There is a puzzle element to Knack II, though it's rarely very complex. At the touch of a button, Knack can eject built-up detritus to return to his basic Knack form. Another touch, and he can bring the parts back to him. This swapping between sizes can be used in combat to avoid enemy attacks, but its primary use is in solving puzzles. You may need to be in a small form to sneak through a vent or passageway, in a large form to weigh down a switch, and so on. You can get special armored shells made of ice or other material to temporarily change Knack's properties.

Since the puzzles are a brief interruption in the beat-'em-up gameplay, they feel fairly perfunctory. There are a few puzzles that really shine, and they are the moments where Knack II is at its best. A part of me wishes they'd take Knack in more of a puzzle direction instead of a combat direction.


If I had one major complaint about Knack II, it's that his gimmick of being made of a bunch of smaller pieces doesn't feel like a natural part of the gameplay. The game does a better job than the first of trying to implement it, but it feels like something where they came up with the look first and then tried to force the gameplay to fit it. It's easy to mentally compare it to something like Sonic's rings or Mario's power-ups, but it lacks that natural flow. It's a shame because the game comes close sometimes. There are a few areas where Knack gradually grows and shrinks in size in ways that feels really cool, but they're not common enough.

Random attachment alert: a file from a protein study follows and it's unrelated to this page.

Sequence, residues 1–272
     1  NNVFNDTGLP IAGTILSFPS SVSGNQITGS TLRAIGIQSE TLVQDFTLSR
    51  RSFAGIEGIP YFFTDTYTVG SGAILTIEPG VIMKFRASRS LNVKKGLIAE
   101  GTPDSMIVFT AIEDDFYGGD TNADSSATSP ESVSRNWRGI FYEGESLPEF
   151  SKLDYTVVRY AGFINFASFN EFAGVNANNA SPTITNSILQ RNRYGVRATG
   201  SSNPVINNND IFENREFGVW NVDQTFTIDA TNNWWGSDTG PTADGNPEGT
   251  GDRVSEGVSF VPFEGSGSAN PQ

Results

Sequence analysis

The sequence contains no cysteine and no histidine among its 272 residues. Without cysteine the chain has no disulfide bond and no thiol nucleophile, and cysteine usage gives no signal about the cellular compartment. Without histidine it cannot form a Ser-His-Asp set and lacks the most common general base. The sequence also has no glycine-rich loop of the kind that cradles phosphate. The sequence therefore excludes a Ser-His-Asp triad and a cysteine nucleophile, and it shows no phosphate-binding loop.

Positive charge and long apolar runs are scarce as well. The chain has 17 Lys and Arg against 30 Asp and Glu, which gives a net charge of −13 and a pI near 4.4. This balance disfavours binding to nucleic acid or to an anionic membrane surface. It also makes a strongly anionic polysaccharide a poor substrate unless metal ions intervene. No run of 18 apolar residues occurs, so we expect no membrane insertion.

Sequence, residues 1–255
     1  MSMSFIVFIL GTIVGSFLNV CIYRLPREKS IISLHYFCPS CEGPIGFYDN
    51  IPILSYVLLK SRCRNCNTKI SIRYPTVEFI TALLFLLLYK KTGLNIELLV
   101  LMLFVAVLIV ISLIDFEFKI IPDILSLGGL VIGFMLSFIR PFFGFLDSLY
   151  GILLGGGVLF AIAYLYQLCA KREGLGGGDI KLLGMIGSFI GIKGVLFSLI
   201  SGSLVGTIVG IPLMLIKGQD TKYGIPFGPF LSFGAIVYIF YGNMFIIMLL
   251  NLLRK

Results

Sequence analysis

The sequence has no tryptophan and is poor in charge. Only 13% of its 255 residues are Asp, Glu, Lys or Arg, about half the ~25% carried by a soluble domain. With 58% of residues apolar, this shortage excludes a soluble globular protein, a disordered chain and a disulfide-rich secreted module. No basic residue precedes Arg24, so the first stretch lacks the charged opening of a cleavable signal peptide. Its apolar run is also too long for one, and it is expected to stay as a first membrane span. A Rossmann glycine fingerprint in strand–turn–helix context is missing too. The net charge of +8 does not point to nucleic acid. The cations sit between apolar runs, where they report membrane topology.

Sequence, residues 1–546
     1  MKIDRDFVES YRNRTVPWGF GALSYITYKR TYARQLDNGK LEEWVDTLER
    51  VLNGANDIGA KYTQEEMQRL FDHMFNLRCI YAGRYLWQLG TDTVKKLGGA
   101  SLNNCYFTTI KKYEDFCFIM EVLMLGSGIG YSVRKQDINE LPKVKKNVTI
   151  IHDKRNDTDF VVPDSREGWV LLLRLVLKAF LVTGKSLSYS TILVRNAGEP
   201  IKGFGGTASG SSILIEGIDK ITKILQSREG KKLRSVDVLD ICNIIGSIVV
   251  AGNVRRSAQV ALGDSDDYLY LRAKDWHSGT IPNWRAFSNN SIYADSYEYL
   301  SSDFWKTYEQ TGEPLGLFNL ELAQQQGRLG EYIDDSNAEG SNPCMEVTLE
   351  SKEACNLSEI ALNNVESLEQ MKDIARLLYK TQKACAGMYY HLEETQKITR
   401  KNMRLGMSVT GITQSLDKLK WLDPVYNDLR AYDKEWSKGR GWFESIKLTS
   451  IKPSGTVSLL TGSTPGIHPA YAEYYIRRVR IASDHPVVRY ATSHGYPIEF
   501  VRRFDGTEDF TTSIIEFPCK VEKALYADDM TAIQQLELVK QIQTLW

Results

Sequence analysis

One very welcome addition to Knack II is co-op gameplay, and it's extremely well implemented. Co-op is local only, but it does wonders to help the game feel fresh. The two Knacks in co-op can fight together or use special moves that involve both Knacks to easily defeat enemies. It turns most of the game into a cakewalk, but it also makes it a fantastic choice for kids and adults to play together. It could probably use some more bells and whistles (or online co-op), but neither is enough to drag down the experience. It's standard co-op gameplay, but that's all it needs to be.

Knack II's biggest issue is that it plays well enough and looks fine — but nothing beyond that. It's a fun game, and I had a good time with it, but it's an average action/platformer that doesn't advance the genre in any way. Instead, you can play the Crash Bandicoot N. Sane Trilogy, which provides more bang for the buck.


Knack II is a nice-looking game that uses a Pixar/Dreamworks art style that looks rather generic but is bright and colorful. The characters don't look very interesting. Knack is adorable in his tiny form but looks more like a villain when he's big, and the human characters are so bland that I could barely remember which was which. The title runs smoothly enough, and players have the option of limiting the frame rate to allow for a smoother performance. The voice acting and the soundtrack both fall firmly into Knack II's "competent but unexceptional" standard. They do their job and do it well enough, but neither stands particularly well on its own.

Knack II is a standard kids' platformer that's safe, simple and enjoyable, but it has little going for it beyond that. It's competent, but it's difficult to recommend it unless you're looking for something to play with a younger gamer. Players will enjoy the title for the duration of the play session but will likely forget about it in a week or two. There's certainly a place for that sort of game, and Knack II does the job well for its budget price tag of $40, but it's disappointing to see a title with so much potential and so little ambition.

Score: 7.0/10